Friday, 28 February 2014

White Rabbit Number Six: John Drake’s Mental Health Blog - 1

As the DIY Futures project comes to an end, the focus is on the stories in the book "It's the inside that matters," which have drawn some really positive feedback. But there are so many stories out there, and one book can never be long enough...  So when we heard about John Drake's experiences recently we invited him to write a guest post for the blog.  John soon came back to us with not one but three posts! Here is Part 1... with 2 & 3 due to follow shortly.

1: Down the Rabbit Hole

There is nothing so very remarkable about falling down that very deep well we call depression. What follows is just one man’s experience...

It was quite a relief when I was first diagnosed with depression. My initial reaction was: Thank God for that, I thought I was going mad! I was certainly getting fixated on some strange ideas and experiencing overwhelming feelings of dread which made it difficult to continue to work...and I loved my job.

My GP referred me to a Community Psychiatric Nurse. He assessed me as suffering from mild to moderate depression and recommended a short course of anti-depressants. But I was very resistant to the idea because I had heard so much about the bad side effects... Fortunately the nurse was very sympathetic to my attitude and suggested I instead try St John’s Wort (a herbal alternative to pharmaceutical medicine). My GP was also supportive of this and said that I should treat it like any antidepressant and use it regularly for six months.

After three weeks I felt well enough to go back to work and in fact, with the aid of St John’s Wort, I managed my condition for the next seven years, throwing myself into my work with renewed dedication. I still suffered from occasional bouts of anxiety but I knew that I had to just keep going...

Until one day I couldn’t... It was as if an abyss had opened up and I was about to fall into it.

I rang the surgery but my GP wouldn’t be available for a couple of weeks! I knew I had to talk to someone straight away and fortunately one of the other doctors had a cancellation and was able to fit me in. She listened to me for what must have been quite a long time (once the dam broke, the flood was overwhelming), signed me off work and referred me to the counselling service that was attached to the surgery.

And now that I was in safe hands, I could let myself fall...

I was offered what I understand to be the standard counselling service through the NHS, which is six sessions of Cognitive Behavioural Therapy. Towards the end of this period I was offered an extension of three further sessions, which I was happy to accept. When I first began therapy, my counsellor assessed me as having moderate to severe depression. By the time I finished the course, I felt ready to return to work. Although our sessions were coming to an end, the counsellor assured me that if I ever needed to see him again I could get a new referral through the surgery.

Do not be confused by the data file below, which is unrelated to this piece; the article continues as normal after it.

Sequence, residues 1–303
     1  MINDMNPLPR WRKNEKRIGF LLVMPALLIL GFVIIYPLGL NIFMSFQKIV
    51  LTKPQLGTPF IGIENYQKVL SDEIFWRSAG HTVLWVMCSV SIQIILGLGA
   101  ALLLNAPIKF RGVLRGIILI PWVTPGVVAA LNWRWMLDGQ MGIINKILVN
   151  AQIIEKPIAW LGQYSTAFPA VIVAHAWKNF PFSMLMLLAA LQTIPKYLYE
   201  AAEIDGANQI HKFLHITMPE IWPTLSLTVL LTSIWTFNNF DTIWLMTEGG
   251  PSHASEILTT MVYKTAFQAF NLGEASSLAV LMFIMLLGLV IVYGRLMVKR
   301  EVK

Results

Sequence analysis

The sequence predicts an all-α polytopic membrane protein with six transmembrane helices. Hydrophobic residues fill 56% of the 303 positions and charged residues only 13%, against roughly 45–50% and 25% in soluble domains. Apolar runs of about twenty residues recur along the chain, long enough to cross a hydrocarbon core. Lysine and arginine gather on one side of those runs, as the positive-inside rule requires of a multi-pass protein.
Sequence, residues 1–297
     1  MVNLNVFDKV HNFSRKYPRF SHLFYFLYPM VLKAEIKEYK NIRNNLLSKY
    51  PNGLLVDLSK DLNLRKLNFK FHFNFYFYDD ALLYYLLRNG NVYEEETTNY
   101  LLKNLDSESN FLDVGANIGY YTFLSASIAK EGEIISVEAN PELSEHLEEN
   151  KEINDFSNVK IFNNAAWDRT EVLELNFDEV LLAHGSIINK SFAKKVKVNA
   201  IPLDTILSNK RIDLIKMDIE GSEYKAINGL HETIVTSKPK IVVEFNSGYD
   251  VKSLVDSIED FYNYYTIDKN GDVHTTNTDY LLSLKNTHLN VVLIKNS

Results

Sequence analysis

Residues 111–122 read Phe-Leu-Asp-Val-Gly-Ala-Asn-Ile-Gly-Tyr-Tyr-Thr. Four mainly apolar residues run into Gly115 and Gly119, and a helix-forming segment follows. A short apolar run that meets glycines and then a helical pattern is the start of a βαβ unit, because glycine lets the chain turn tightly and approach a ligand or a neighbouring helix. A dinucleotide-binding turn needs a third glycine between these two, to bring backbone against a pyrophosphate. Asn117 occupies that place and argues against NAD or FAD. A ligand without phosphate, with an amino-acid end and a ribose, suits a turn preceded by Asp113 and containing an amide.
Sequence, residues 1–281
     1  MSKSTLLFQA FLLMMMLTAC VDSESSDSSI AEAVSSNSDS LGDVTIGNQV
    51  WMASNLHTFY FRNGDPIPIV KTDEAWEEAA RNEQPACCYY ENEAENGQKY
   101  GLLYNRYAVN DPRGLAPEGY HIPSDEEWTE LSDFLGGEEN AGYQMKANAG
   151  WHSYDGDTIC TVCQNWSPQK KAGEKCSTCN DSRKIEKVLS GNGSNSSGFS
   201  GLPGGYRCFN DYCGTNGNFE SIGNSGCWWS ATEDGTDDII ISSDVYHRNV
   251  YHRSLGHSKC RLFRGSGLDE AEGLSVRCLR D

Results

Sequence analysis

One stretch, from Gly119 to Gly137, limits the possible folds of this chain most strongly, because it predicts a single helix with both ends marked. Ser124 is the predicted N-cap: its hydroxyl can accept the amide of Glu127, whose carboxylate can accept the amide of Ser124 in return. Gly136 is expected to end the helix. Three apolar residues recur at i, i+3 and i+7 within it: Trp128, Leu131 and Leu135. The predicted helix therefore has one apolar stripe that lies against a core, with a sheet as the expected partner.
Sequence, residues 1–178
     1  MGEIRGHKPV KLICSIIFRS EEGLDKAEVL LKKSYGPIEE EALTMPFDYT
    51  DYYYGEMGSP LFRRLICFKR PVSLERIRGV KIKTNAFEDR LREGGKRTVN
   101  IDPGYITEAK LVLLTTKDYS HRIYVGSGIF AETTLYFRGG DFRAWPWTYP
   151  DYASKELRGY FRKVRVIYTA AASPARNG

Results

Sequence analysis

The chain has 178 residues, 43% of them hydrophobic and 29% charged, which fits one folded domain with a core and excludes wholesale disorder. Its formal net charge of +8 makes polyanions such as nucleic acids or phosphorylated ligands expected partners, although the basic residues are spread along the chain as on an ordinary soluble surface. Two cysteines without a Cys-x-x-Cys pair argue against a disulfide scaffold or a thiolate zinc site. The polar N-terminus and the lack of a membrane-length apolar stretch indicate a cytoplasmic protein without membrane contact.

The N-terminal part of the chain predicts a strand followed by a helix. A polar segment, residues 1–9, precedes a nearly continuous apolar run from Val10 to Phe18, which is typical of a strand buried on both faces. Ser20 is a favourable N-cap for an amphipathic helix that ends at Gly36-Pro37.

Throughout these first few months of illness, I had felt very well supported both by my counsellor and by the GP. At her suggestion, I continued to be seen exclusively by the same doctor who had been available on that crucial day – and I think that this continuity of service was very important in my being able to cope with day-to-day living, without being hospitalised – which, along with being forced to take antidepressants other than St John’s Wort, was my biggest fear. Rightly or wrongly, I believed that pharmaceutical antidepressants would take away my mind and that, once in hospital, I would never come out again.

The CBT sessions had taught me how to cope with going to shops and facing the dreaded ‘how are you?’ question from well-meaning acquaintances, but going back to work was another matter. Even though I had met with my boss and we had agreed a back-to-work strategy, it all fell apart when a personal crisis caused everything to unravel – and I was back almost, but not quite, where I started – still down the rabbit hole but resting somewhat precariously on a ledge – no longer falling, but not yet able to climb out.

This time my GP was adamant that I should take stronger antidepressants – but I was equally adamant that I wouldn’t. To her credit, my doctor accepted my decision and continued to support me in other ways. I was referred back to the counselling service and, this time, I was told that I could book a session whenever I needed it, through the appointments desk. I assume this was offered to me as my counsellor believed that I wasn’t the type to abuse the privilege – and in fact I only took advantage of it a handful of times.

Throughout this time I felt that I was being supported in the way that was right for me by everyone concerned in my welfare – and for this I will always be grateful.

Meanwhile, however, I was still being signed off work. Then one day I got a bit of a shock when the finance officer informed me that my sick pay had run out and that I needed to contact the Job Centre about claiming long-term sickness benefit.

And that’s when my problems really started...

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